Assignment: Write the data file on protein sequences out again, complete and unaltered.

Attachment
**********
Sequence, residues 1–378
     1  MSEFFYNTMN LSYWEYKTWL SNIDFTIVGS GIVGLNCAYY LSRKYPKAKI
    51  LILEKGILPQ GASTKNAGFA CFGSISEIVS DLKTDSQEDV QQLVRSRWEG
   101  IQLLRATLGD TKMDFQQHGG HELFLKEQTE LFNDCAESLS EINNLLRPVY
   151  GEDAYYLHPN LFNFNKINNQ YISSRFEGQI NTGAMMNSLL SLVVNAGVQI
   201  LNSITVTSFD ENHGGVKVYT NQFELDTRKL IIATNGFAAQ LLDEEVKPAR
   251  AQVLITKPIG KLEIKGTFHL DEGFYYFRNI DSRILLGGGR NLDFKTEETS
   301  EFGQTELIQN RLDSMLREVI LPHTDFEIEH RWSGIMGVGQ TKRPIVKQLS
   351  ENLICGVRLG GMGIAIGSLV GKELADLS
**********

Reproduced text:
Sequence, residues 1–378
     1  MSEFFYNTMN LSYWEYKTWL SNIDFTIVGS GIVGLNCAYY LSRKYPKAKI
    51  LILEKGILPQ GASTKNAGFA CFGSISEIVS DLKTDSQEDV QQLVRSRWEG
   101  IQLLRATLGD TKMDFQQHGG HELFLKEQTE LFNDCAESLS EINNLLRPVY
   151  GEDAYYLHPN LFNFNKINNQ YISSRFEGQI NTGAMMNSLL SLVVNAGVQI
   201  LNSITVTSFD ENHGGVKVYT NQFELDTRKL IIATNGFAAQ LLDEEVKPAR
   251  AQVLITKPIG KLEIKGTFHL DEGFYYFRNI DSRILLGGGR NLDFKTEETS
   301  EFGQTELIQN RLDSMLREVI LPHTDFEIEH RWSGIMGVGQ TKRPIVKQLS
   351  ENLICGVRLG GMGIAIGSLV GKELADLS